Positively charged iron ions (ferric) are attracted to the negative mucin molecules. The attached iron ions are then treated with potassium ferrocyanide/HCL to form visible bright blue deposits.
Results: Acid Mucins – Deep Blue, Nuclei – Pink Red, Cytoplasm – Pink
Results: Acid Mucins – Deep Blue, Nuclei – Pink Red, Cytoplasm – Pink

The ProtocolIncubation times may vary per manufacturer

1. Run slides to water
2. Incubate in 12% GLAA (glacial acetic acid) 12 min
3. Straight to working colloidal iron solution 60 min
4. Rinse in 12% GLAA 3 min
5. Rinse in second 12% GLAA 3 min
6. Ferrocyanide – Hydrochloric acid solution 20 min
7. Rinse in running water 2 min
8. Counterstain in nuclear fast red 5 min
9. Rinse briefly in running water
10. Dehydrate, clear and mount

 

Troubleshooting the Colloidal Iron stain – Dealing with non-specific Hemosiderin staining:

  • Prepare two identical slides labeled A and B
  • Incubate slide A through the entire protocol
  • Incubate slide B once rehydrated in Potassium Ferrocyanide – HCL solution only
  • In your analysis of the test tissue, disregard any staining on slide B that may be seen on slide A

3) Mucicarmine – A very specific stain for mucin of epithelial origin

Long before immunohistochemical procedures were available, the Mucicarmine stain was used to verify the presence of signet-ring carcinoma: a rare form of highly malignant adenocarcinoma that produces mucin. It is an epithelial malignancy characterized by the histologic appearance of signet ring cells.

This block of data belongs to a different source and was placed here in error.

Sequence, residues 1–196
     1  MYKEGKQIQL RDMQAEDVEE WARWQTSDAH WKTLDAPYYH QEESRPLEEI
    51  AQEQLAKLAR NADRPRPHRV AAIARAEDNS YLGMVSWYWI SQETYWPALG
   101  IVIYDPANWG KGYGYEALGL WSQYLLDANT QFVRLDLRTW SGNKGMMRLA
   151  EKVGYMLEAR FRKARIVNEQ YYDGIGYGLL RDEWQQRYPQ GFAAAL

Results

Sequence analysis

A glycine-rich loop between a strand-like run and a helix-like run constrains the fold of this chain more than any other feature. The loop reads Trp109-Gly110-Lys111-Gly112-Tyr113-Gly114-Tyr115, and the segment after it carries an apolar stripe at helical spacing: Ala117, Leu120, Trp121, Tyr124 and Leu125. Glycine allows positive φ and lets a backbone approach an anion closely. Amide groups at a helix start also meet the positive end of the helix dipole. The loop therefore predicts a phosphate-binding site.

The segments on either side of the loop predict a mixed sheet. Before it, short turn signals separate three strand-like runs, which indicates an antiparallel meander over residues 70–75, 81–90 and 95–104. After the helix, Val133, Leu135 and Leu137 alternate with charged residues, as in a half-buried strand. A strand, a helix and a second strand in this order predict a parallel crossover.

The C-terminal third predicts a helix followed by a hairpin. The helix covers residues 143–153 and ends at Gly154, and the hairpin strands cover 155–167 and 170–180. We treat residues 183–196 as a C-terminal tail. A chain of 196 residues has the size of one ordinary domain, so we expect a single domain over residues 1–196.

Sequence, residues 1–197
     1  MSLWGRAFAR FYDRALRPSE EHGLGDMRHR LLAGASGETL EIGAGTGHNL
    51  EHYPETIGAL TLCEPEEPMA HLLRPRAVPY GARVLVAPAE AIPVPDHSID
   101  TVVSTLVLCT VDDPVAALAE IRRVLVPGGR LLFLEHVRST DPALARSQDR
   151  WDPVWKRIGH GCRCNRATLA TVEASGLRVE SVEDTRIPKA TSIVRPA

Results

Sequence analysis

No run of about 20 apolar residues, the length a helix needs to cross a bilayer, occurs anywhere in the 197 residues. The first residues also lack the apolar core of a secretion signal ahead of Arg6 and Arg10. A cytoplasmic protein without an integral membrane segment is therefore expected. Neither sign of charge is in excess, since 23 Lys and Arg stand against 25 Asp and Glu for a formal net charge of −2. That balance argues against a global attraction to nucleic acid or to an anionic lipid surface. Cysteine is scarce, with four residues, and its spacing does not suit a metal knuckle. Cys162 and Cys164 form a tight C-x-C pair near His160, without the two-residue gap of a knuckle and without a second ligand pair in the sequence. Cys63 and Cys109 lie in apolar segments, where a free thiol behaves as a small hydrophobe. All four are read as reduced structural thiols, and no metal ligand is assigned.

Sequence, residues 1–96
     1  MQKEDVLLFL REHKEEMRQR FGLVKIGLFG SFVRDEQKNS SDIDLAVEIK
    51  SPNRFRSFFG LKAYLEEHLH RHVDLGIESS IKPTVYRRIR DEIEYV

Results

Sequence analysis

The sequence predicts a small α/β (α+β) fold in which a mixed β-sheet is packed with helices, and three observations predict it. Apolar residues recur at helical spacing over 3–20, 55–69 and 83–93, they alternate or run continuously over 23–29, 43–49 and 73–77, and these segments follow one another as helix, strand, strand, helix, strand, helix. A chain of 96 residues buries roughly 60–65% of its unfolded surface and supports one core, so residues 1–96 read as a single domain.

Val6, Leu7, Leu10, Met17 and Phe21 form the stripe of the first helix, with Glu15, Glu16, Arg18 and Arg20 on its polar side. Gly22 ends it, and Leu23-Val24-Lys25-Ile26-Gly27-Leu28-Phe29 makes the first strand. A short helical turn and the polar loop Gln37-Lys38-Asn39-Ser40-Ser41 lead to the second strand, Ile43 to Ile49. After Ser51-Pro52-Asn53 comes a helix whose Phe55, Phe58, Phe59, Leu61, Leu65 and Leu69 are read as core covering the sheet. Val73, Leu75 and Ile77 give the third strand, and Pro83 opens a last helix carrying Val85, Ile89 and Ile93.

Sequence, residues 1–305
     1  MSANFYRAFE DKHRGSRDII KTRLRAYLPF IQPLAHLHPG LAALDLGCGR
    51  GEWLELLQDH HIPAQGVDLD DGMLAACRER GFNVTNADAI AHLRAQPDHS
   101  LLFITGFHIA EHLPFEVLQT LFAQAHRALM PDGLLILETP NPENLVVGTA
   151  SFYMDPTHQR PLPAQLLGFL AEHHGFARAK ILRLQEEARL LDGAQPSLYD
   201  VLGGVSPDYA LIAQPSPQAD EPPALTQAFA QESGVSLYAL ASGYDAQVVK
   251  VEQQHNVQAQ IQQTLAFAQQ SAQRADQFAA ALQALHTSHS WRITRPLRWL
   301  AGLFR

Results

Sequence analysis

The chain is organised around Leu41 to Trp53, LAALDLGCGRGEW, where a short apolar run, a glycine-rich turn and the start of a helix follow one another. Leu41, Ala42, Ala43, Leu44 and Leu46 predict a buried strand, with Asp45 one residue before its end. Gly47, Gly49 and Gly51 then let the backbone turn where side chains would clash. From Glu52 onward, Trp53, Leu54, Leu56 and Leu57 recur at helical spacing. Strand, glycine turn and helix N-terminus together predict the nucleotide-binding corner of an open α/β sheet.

Signet-ring cell carcinoma demonstrated by three methods:

Signet-ring cell carcinoma methods

The Mucicarmine stain is also used to differentiate between mucin negative squamous cell carcinoma and mucin positive adenocarcinoma.

mucin negative squamous cell carcinoma and mucin positive adenocarcinoma

Additional example of positive staining with mucicarmine:

positive staining with mucicarmine

The Process

Carmine, a dye obtained from the pulverized bodies of the cochineal beetle is bound into solution with aluminum salts (a process called mordanting) much the same as hematoxylin. This produces a positively charged complex which is attracted to the negative acid mucin molecule.

Carmine – The Process

The ProtocolIncubation times may vary per manufacturer

- Run slides to water
- Working Wiegert’s hematoxylin 5-10 min
- Rinse in running water
- Working mucicarmine solution 20-30 min
- Rinse in running water
- Metanil yellow 1-3 min
- Rinse briefly in running water
- Dehydrate,clear and mount

 

Troubleshooting the Mucicarmine stain: